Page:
It has a long history as the seat for Bohemian Kings and Holy Roman Emperors, and today it remains the office of the Czech president. It’s also the location of the Bohemian Crown Jewels, but they are kept in a hidden chamber!
You can enter the castle and explore its interior (it’s possible to pre-book your tickets here in advance to skip the line!), or if you don’t want to pay, just walk around the outside and take in incredible views of Prague city.
Alternatively, visit local favourite, Jelení Příkop, which is a small park just outside of the castle. This is known as ‘Deer Moat’ in Znglish and is somewhat of a hidden gem of Prague. One particular highlight includes a beautiful view of Prague Castle.
Explore the Mala Strana area
Also called Little Quarter, Mala Strana is an idyllic area of Prague. Sitting just below the palace, it’s famous for its baroque and Renaissance architecture, and it’s a great place to grab a coffee (Café Designum is always popular).
Here, you can visit the Church of St Nicholas which dates back to the early 18th century, the peaceful Wallenstein Garden and the John Lennon Wall which was created after his assassination.
Lennon became an inspiration to many peace-loving young Czech people and to this day, it remains covered with pacifist quotes, Beatles lyrics and graffiti referring to global causes.
There are a few bakeries in the Mala Strana area where you can grab a bite to eat, but St Martin’s is also a popular restaurant, serving tasty Mediterranean-inspired food.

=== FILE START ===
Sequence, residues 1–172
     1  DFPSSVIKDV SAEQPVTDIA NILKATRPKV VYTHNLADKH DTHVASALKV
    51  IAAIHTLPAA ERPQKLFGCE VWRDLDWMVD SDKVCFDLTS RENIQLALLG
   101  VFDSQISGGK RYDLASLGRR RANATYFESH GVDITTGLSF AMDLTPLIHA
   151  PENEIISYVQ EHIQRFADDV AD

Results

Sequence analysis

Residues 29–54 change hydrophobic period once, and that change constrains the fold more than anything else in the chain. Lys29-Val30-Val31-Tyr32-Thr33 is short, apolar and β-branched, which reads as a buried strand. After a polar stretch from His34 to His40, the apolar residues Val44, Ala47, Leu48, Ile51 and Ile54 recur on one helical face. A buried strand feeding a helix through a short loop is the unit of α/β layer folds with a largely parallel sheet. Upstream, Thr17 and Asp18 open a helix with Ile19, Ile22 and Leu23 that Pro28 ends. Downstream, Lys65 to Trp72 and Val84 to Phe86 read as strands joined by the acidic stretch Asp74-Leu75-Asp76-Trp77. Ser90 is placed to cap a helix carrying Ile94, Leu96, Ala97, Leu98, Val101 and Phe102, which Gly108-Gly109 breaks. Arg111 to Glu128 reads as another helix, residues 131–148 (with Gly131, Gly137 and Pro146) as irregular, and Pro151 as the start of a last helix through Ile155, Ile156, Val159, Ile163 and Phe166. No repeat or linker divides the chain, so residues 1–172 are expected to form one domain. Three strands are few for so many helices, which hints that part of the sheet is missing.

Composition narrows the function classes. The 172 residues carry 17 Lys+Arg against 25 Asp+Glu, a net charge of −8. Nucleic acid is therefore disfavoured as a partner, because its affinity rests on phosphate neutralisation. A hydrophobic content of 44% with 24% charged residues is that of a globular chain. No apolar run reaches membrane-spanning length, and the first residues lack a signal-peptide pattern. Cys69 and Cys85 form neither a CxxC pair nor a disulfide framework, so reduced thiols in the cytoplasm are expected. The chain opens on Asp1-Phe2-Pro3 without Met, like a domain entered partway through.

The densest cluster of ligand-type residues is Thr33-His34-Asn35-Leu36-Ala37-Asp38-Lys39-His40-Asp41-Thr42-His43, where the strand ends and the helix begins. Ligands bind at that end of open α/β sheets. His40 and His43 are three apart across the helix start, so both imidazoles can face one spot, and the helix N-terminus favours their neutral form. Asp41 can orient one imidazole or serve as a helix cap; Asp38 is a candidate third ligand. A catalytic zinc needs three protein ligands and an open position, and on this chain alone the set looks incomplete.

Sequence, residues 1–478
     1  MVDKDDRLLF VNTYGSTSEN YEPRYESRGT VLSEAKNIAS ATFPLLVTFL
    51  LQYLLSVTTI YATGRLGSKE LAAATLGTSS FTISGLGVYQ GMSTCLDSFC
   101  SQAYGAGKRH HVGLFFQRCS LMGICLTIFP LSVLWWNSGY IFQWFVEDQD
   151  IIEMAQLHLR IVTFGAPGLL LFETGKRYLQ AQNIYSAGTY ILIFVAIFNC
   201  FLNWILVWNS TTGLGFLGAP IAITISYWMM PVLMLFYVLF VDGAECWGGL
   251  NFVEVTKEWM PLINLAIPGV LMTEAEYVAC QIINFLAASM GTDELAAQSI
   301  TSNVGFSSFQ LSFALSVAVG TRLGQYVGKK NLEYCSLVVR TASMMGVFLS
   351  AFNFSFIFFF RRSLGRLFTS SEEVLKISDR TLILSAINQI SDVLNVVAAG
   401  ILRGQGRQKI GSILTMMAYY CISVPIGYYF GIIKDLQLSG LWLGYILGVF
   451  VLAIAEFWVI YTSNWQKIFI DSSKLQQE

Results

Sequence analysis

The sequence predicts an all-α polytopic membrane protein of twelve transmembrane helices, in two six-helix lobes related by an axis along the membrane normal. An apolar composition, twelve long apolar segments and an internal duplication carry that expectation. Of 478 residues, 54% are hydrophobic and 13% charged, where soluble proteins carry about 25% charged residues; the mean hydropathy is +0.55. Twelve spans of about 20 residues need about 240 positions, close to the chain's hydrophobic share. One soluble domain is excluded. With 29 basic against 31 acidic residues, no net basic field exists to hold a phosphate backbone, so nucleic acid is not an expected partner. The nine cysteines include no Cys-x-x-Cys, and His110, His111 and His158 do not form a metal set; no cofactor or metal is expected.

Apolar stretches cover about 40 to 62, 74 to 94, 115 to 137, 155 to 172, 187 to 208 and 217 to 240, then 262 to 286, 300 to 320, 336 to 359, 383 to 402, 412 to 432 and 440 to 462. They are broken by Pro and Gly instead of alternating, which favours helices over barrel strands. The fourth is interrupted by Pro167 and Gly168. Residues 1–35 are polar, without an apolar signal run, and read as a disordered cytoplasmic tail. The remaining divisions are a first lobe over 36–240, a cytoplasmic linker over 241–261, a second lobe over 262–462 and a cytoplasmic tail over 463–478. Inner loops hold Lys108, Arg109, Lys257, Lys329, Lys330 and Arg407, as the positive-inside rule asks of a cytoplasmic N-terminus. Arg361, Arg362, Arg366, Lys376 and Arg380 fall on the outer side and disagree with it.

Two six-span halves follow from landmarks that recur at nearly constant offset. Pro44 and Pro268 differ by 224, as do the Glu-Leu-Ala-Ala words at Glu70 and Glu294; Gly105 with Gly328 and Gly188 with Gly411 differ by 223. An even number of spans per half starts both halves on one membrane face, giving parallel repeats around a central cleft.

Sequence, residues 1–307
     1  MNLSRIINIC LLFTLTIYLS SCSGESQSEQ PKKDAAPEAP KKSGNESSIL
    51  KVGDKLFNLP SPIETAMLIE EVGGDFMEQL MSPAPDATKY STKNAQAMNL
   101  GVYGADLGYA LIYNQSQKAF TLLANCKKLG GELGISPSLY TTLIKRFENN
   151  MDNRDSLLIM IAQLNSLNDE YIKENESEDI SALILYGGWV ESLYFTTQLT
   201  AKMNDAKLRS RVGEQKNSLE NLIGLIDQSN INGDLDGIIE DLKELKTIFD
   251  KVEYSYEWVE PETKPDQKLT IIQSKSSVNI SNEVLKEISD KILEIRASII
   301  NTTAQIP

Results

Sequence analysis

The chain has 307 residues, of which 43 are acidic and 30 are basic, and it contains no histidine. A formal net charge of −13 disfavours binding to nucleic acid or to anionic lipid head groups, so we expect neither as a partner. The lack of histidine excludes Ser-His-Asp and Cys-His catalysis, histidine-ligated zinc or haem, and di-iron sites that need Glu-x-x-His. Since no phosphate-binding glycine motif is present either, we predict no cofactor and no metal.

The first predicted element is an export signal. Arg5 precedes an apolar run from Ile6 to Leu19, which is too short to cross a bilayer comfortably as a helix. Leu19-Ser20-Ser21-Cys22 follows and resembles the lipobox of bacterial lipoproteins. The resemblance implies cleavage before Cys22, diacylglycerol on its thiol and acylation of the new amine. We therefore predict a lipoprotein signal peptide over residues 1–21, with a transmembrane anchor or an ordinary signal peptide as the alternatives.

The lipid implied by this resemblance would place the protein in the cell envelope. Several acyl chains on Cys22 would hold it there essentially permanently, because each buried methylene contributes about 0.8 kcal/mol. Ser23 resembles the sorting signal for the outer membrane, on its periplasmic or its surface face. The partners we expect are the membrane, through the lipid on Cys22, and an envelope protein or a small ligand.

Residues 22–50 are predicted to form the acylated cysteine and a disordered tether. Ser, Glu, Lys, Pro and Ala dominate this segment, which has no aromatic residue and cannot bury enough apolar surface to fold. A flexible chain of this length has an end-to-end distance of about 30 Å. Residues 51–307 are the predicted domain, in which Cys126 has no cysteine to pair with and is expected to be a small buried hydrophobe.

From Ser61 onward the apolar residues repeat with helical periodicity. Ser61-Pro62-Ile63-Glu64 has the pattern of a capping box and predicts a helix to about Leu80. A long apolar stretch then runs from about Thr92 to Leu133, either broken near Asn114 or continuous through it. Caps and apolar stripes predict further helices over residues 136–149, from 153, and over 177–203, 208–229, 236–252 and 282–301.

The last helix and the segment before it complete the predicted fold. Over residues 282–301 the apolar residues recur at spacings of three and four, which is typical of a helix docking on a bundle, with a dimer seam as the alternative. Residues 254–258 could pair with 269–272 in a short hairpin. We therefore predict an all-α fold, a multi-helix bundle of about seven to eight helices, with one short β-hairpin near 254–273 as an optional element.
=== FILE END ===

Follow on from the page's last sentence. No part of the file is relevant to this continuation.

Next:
Cross over Charles Bridge
Once you’ve fully relished this side of the city, it’s time to cross over to see the rest of it! In Prague, even crossing the river is a unique experience. The historic Charles Bridge (known as ) dates all the way back to 1357 – it was the only way that Prague locals had to cross the river until 1841!
The bridge offers incredible vistas back to Prague Castle. Plus, it has its own attractions – touching the St. John Of Nepomuk Statue is supposed to bring you good luck. It’s also usually full of buskers, artists drawing caricatures and people selling souvenirs. It remains a hubbub of Prague life, just as it did back in the Medieval period!
See the Astronomical Clock
Another Medieval attraction in Prague is the astronomical clock on the Old Town Hall, which dates back to 1410 AD. Not only does it tell the time, but you can also see sunrise and sunset times, moon cycles and ancient Czech time.